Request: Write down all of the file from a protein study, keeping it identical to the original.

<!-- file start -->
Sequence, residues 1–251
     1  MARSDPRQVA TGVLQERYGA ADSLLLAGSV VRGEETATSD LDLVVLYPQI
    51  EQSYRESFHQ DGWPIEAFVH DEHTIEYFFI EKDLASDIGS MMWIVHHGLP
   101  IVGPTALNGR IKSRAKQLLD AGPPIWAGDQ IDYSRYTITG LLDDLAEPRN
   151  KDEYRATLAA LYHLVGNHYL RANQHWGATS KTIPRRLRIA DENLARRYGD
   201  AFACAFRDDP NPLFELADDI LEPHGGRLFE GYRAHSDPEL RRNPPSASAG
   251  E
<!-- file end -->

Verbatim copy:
Sequence, residues 1–251
     1  MARSDPRQVA TGVLQERYGA ADSLLLAGSV VRGEETATSD LDLVVLYPQI
    51  EQSYRESFHQ DGWPIEAFVH DEHTIEYFFI EKDLASDIGS MMWIVHHGLP
   101  IVGPTALNGR IKSRAKQLLD AGPPIWAGDQ IDYSRYTITG LLDDLAEPRN
   151  KDEYRATLAA LYHLVGNHYL RANQHWGATS KTIPRRLRIA DENLARRYGD
   201  AFACAFRDDP NPLFELADDI LEPHGGRLFE GYRAHSDPEL RRNPPSASAG
   251  E